February 2, 2011


What is a rate lock? Why would I need one?

Interest rates change hour to hour, day to day, week to week...you get the picture. If you're somewhere between the application and the closing process, that can be nerve-wracking!

Locking in your rate means your lender will guarantee that rate for a specific period of time, between 15 and 90 days, which means you don't pay more if the rates go up. There is usually a fee involved with this, and it gets more expensive the longer you want the lock for.

What is PMI, and do I need it?

PMI, or private mortgage insurance, is an insurance policy to protect your lender in case you default on your mortgage. Your bank may require that you purchase it, especially if you plan to make a down payment of less than 20% of your home's purchase price, which means you have a loan-to-value ratio (LTV) greater than 80%. You purchase PMI through a third-party insurance company, and pay it through your monthly mortgage payments. How much it costs depends on several factors, such as:
  • Your credit score
  • How much you're borrowing
  • How much your down payment is
  • The term, or length, of your loan
  • Whether your mortgage is fixed rate or variable
Once your LTV is below 80%, you can refinance your mortgage to get rid of the PMI.

What is the loan-to-value ratio? Why do I need to know that?

Loan-to-value (LTV) tells you how much equity you have in your home relative to how much you owe on it and what the house is worth. You can figure it out using simple math.

First, determine your equity: If your home value is $300,000 and you owe $200,000 on your mortgage, you have $100,000 in equity. Next, divide your equity by the value of your home. If you have $100,000 in equity, and your home is worth $300,000, your LTV is 66%.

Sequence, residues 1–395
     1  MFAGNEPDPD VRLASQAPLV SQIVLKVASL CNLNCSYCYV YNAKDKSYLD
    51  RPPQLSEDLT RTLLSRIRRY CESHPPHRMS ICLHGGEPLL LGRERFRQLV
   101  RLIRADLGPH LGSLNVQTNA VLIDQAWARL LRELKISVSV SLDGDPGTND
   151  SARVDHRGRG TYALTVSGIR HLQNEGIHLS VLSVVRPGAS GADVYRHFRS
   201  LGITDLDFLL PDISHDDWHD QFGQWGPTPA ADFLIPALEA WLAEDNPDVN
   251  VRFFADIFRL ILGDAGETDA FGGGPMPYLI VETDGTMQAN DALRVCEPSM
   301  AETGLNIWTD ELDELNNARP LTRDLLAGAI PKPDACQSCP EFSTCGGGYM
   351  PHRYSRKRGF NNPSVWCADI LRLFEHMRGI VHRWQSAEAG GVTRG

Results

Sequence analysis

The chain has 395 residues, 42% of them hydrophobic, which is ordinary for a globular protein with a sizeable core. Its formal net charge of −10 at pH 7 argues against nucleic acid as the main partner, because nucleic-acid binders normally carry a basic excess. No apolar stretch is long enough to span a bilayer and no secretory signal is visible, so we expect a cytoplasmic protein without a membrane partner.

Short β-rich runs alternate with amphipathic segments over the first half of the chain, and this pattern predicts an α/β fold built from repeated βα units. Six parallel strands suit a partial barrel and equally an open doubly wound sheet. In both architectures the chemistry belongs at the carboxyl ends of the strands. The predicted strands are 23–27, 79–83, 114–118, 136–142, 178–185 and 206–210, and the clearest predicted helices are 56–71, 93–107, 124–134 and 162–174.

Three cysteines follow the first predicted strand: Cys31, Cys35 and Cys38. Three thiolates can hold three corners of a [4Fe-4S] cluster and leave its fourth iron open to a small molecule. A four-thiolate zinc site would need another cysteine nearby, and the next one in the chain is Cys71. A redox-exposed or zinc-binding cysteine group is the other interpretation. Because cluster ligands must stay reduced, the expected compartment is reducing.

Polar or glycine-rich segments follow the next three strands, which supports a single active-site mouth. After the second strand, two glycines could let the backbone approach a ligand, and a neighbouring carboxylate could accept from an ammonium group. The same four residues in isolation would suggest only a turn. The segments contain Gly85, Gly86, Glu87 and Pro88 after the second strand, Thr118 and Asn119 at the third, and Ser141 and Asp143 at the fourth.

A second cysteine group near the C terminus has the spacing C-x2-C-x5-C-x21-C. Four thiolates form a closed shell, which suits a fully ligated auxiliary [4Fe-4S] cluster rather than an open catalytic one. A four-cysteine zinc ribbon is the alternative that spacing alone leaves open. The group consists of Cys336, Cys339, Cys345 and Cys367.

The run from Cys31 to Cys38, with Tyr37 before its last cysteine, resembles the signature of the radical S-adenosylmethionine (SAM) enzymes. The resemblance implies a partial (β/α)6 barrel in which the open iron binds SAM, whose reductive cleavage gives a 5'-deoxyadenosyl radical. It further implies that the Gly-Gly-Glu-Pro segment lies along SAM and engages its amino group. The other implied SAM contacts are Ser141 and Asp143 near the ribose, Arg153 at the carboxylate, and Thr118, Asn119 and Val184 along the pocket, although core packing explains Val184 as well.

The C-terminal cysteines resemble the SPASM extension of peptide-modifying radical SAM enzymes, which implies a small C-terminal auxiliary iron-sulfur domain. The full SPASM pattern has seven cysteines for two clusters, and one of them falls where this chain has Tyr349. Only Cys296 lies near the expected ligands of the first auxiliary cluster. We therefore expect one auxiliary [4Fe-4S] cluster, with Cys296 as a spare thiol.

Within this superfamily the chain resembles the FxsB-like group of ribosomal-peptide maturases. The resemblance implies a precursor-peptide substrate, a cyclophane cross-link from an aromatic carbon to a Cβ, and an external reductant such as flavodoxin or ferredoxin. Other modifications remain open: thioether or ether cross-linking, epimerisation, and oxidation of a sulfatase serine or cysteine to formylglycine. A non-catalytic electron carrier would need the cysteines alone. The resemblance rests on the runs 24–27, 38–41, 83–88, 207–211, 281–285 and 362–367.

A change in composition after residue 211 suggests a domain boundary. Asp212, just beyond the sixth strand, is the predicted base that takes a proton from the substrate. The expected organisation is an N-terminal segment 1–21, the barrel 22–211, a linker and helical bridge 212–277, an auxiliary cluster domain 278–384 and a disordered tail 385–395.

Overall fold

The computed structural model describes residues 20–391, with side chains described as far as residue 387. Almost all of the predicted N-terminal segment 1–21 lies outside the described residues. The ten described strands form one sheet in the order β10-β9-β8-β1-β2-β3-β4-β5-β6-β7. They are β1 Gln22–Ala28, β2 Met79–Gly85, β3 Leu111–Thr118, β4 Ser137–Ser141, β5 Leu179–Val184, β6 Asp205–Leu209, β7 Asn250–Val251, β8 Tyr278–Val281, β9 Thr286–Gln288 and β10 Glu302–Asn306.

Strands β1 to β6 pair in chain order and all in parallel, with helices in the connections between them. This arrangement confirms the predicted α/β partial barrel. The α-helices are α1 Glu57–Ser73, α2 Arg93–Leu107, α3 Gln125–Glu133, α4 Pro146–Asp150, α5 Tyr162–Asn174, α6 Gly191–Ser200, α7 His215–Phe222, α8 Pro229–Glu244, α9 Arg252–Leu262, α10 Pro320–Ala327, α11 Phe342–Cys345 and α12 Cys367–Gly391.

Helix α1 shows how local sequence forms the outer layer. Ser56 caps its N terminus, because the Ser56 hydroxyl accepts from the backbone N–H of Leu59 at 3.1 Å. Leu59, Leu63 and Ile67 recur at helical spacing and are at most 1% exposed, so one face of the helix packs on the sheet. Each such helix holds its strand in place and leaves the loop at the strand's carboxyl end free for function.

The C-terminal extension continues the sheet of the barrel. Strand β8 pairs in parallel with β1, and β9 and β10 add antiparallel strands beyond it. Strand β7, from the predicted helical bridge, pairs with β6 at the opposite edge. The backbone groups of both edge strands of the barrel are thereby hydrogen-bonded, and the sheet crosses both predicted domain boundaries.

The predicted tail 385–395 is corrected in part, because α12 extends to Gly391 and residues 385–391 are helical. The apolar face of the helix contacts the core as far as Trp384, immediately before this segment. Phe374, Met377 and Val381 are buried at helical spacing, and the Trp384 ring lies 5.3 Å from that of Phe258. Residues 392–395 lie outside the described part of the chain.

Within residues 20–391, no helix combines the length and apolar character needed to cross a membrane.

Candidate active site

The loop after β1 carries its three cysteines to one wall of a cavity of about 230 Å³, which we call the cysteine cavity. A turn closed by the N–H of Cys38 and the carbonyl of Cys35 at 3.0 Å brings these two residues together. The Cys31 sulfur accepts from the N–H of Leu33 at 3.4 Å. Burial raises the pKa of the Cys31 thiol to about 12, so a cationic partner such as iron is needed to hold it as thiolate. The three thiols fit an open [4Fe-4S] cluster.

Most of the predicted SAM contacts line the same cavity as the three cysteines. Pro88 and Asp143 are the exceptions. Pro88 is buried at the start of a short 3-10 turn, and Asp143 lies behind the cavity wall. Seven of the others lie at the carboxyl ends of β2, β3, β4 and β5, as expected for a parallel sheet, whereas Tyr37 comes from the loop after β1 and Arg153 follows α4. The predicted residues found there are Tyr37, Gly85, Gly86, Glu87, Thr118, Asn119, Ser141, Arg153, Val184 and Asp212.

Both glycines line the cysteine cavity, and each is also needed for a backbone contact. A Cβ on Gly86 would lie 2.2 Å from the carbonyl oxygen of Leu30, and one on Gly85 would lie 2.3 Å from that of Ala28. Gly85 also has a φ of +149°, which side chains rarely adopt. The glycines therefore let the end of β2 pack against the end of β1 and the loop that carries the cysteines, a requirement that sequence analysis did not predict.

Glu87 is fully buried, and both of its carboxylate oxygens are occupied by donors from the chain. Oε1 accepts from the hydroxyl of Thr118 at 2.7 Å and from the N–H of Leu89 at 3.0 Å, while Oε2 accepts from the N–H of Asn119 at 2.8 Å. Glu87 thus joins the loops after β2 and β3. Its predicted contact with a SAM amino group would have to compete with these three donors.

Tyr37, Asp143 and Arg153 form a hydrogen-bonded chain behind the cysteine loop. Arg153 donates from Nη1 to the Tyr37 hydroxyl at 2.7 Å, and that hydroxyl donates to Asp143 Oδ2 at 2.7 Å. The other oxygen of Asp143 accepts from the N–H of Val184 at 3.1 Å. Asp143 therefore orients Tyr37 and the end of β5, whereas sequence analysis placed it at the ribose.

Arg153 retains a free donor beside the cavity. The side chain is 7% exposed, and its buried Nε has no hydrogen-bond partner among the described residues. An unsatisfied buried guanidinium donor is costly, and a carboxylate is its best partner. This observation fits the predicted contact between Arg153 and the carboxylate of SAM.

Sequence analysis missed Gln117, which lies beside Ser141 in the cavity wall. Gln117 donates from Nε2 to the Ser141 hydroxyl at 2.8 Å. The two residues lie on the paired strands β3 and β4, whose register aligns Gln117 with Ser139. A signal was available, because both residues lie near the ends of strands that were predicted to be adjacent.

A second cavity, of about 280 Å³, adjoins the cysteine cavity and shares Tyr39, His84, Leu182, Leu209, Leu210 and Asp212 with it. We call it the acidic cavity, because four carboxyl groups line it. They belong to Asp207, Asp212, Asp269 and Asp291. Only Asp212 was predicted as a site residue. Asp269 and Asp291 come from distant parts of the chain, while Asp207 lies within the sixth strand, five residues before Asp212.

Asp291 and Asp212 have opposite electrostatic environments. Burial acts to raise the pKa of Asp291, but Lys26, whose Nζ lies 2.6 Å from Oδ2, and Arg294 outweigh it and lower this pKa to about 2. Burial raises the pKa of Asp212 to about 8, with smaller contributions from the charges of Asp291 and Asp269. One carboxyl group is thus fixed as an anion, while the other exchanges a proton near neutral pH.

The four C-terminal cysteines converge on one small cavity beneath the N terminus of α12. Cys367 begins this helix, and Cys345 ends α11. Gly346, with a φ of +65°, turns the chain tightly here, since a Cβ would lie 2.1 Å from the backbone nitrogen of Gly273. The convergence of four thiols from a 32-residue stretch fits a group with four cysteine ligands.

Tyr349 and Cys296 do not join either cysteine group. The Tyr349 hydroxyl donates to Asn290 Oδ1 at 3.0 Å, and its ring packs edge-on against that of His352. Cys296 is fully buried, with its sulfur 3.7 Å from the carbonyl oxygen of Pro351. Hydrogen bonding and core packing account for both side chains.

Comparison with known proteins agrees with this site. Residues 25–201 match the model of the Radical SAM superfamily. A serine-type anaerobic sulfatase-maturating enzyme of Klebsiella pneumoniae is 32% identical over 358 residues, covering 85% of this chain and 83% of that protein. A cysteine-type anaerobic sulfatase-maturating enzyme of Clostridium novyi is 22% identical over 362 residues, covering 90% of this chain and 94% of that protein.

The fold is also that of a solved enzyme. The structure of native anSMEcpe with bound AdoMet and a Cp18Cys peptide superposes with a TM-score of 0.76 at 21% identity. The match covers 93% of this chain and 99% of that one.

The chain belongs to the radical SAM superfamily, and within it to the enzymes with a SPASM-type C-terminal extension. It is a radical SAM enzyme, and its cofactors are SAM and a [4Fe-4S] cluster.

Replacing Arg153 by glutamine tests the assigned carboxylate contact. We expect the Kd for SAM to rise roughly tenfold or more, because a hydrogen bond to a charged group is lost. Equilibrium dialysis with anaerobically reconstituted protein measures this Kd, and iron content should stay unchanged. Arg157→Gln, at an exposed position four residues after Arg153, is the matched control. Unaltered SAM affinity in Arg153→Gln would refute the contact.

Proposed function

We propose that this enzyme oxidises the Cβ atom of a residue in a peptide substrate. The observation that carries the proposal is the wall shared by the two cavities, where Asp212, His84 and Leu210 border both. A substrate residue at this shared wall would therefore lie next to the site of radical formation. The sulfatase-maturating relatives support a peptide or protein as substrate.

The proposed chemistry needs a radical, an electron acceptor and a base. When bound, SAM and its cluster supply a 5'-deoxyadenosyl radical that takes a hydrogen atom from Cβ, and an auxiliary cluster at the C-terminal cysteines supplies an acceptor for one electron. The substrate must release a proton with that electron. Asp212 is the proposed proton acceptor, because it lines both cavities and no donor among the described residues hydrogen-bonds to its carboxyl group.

LTV is important to know when you plan to refinance your existing mortgage. If you have high LTV-over 80%-you have lower equity, and may only qualify for mortgages with higher interest rates. You probably will need to purchase PMI as well. If you have lower LTV, you have higher equity, and may qualify for better mortgage rates.

Is the interest rate and the annual percent rate (APR) the same thing?

No, but they are very close. The interest rate is how much it costs to borrow the money from your lender. The APR is the total cost of your mortgage for the life of it, and accounts for additional fees like closing costs, origination charges, lender points, and private mortgage insurance (PMI).

What are points?

Points are percents. One point equals one percent. In the mortgage world, paying your lender points upfront is a way to get a lower interest rate on your mortgage or refinance so you can pay less over the life of your loan.

Is Embrace Home Loans a brokerage or a direct lender?

We're a direct lender for Fannie Mae, Freddie Mac, and an approved Ginnie Mae issuer for FHA insured mortgages. At Embrace Home Loans, you can get the loan you need. As a direct lender, you deal with us, and only us. We'll lend you the money you need, whether it's for a new home, a home renovation, a college education, or to get ahead on your high-interest debt. And we can do it in as little as 21 days. Don't put off your brighter tomorrow. Click the apply now link and fill out our quick, no-obligation, and confidential form. You may call me direct at (301) 354-8251 or email me and I will get back to you as soon as possible.